In this culture of oversharing, we put a scary amount of data out there and, sometimes we forget that some things are better hidden from public eyes and the cloud. Don’t be surprised if, in the future, an artificial intelligence can create a simulacrum of us a la Black Mirror.
But enough about near-future technophobic episodes, there are actual real threats we have to worry about – like identity theft. The threat of identity theft is real, and almost all Filipinos are afraid of having their information used without their authorization. According to the 2017 Unisys Security Index, 93 percent of Filipinos are concerned about identity theft. In fact, it’s the biggest fear of Filipinos in terms of their security along with natural disasters. How can identity theft damage you and why should you be more careful with your personal information?
In a nutshell, identity theft is the intentional use of a person’s identity, usually for monetary gain or criminal activities at the expense of the victim. Most of the time, identity thieves pose as their victims by obtaining sensitive information like names, social security numbers, identity cards, and credit card information. Some of these crimes go undetected for a very long time.
In the old days, identity theft was merely confined to the thieves creating credit cards under your name and maxing them out, leaving you with a heaping pile of debts you don’t even know about. However, criminals have evolved with the times.
Just recently, a bishop from Bohol was the latest victim of identity theft after someone created a Facebook account using his name and other social media details to solicit money from clueless followers.
Aside from the financial damage, it can cause you, having your identity stolen can also damage your reputation. Worse, your name will end up implicated in various criminal activities and cause you massive inconvenience in the future. Of course, it will take some time and effort to prove that you haven’t done the things accused to you.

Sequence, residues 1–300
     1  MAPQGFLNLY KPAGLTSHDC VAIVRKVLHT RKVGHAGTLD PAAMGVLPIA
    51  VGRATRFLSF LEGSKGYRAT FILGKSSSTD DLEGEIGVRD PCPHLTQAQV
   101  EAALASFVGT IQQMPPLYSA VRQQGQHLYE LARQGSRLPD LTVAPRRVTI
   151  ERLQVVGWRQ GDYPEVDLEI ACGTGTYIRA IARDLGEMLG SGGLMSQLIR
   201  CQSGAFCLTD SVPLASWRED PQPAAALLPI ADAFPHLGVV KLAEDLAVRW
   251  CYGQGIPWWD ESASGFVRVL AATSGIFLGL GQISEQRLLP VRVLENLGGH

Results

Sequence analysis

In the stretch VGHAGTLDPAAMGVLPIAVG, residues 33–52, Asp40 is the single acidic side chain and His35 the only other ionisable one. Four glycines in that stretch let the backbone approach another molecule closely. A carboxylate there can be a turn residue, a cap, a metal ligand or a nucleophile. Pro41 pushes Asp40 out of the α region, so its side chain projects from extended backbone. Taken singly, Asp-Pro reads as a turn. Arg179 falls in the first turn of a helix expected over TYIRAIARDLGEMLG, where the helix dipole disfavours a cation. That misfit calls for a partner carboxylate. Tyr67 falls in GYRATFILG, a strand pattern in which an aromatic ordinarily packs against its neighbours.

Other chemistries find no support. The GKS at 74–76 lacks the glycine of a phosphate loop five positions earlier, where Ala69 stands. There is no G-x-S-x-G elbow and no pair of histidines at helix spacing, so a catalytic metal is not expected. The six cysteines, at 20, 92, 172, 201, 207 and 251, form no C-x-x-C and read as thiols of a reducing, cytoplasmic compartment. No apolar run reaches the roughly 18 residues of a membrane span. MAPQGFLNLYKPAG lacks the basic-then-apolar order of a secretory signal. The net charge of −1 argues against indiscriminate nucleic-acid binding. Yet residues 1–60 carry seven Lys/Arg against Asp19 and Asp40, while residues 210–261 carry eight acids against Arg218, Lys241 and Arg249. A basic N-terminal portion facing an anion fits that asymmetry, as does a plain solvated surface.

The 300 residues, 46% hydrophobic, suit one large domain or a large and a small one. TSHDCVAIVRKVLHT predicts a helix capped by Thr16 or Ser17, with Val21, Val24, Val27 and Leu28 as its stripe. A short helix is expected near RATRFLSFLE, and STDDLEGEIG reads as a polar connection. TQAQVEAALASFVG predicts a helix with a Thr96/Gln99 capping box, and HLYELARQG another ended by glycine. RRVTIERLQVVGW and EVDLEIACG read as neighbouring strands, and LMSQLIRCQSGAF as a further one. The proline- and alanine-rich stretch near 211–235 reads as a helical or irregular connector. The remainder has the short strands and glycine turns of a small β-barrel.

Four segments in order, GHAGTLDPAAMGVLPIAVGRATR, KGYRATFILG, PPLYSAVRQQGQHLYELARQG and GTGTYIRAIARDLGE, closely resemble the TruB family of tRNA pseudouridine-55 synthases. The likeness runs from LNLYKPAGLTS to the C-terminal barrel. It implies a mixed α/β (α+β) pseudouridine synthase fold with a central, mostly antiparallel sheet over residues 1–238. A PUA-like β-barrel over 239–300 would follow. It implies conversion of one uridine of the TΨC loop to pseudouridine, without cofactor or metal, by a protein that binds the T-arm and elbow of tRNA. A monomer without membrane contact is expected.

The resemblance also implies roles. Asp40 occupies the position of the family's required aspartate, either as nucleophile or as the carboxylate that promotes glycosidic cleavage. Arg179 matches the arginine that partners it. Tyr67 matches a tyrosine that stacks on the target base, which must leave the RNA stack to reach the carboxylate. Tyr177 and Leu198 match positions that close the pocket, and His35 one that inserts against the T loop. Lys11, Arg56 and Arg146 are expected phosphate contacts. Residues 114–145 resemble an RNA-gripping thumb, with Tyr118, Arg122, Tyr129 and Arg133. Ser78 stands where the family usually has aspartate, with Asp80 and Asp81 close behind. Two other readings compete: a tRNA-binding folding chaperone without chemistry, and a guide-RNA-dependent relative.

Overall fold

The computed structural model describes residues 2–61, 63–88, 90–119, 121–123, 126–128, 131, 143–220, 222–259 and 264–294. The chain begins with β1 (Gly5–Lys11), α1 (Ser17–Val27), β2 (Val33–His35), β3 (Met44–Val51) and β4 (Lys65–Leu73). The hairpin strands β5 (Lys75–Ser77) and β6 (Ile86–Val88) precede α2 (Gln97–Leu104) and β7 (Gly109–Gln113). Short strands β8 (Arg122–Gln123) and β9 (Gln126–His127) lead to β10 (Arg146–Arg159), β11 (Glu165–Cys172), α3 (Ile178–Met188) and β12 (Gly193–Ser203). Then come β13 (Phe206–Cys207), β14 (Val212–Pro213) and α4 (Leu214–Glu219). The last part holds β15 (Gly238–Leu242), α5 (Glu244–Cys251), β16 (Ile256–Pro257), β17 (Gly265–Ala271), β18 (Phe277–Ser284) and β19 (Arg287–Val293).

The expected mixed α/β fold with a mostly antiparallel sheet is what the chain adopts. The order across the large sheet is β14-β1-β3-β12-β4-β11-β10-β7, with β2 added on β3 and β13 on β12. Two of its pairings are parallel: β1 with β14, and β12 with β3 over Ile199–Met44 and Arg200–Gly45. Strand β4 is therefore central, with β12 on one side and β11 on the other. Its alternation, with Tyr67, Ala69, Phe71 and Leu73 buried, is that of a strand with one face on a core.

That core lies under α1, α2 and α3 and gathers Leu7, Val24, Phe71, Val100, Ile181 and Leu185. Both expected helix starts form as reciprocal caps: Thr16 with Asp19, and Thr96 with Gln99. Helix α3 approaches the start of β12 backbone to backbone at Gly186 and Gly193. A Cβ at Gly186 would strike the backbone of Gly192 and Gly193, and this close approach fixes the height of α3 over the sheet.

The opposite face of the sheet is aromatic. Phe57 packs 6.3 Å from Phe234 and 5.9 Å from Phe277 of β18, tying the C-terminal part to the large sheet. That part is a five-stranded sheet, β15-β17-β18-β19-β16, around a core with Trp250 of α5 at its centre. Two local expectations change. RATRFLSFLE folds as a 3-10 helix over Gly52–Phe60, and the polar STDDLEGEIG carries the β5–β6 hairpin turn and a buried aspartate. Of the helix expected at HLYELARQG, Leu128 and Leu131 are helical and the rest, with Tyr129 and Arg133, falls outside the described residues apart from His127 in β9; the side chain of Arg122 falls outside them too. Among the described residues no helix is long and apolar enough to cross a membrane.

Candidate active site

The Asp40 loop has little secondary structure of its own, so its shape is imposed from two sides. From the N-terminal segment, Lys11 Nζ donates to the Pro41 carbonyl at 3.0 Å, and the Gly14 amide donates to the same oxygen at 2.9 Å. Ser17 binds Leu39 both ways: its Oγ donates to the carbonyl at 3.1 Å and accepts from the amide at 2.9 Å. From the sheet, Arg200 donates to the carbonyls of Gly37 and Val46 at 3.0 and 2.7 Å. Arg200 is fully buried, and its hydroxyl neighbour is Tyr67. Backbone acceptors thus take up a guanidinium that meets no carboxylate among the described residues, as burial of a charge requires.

Identity theft is a cybercrime and not one that should be taken it lightly. According to the Department of Justice’s 2014 annual cybercrime report, nine percent of the cases their agency handled were about people whose identities were misused by criminals.
Not a minor threat
Although the government receives only a few cases of identity theft, you shouldn’t just shrug off the idea of someone taking your information and using it without your consent. Once they have your sensitive details, they can do numerous things with it that can backfire on you. Breaching your security can result in the following scenarios:
• Identity thieves can get your important documents without your consent. If they have enough information about you, they can procure your official documents such as birth certificates, government IDs, and so much more. They can hijack your identity by getting access to your information first.
• In line with the first one, identity theft can go further by using the said documents and identifying details to open accounts under your name. Credit cards, postpaid lines, bank accounts—the world is an oyster to identity thieves when they have your information in their pockets.
• If you’re scared of Social Security System employees taking a salary loan using your name, then you should be equally afraid of identity thieves. They can use your accounts to steal your benefits and leave you paying for them.
• Finally, victims of identity theft can suffer from lawsuits and defamation due to the previous action and more. Identity thieves can make fake social media accounts under your name and extort money from your contacts or face criminal charges for the malicious activities committed using your details. Fraudulent credit card and banking activities can hurt your credit score and inflict some damages that can last for a long time.
The best protection
The threat of identity theft is very real, and the consequences are more even more terrifying than what you think. Fortunately, you can lower the risks of criminals misusing your personal details. We’ve listed a few tips on how to actively protect you and your information in the face of threats:
• Keep your government-issued numbers like SSS and TIN away from everyone. These are for your eyes only and treat them as sensitive information.
• Do not write down any of your passwords, especially bank accounts, email, and social media login credentials.
• Do not click on suspicious ads as well as emails from unverified sources. There’s a huge chance they’re links to phishing websites and will ask you to hand over your sensitive information.
• Enable two-factor authentication whenever possible. We’ve discussed this recently in one of our articles.
• Shred bank statements and various papers that have information about you before you dispose of them.
• Refrain from using public wireless networks. They’re unsecure and hackers might just gain access to your device.
• Report lost or stolen IDs and banking cards like ATM and credit cards.
• Stop yourself from oversharing on social media. Avoid posting details about your personal life pertaining work, family, and relationships.
• Beef up your password game. Use alphanumeric characters as well as symbols for creating strong passwords.
Sources: Department of Justice, Rappler, Credit.com, Unisys, Malware Bytes, NCPC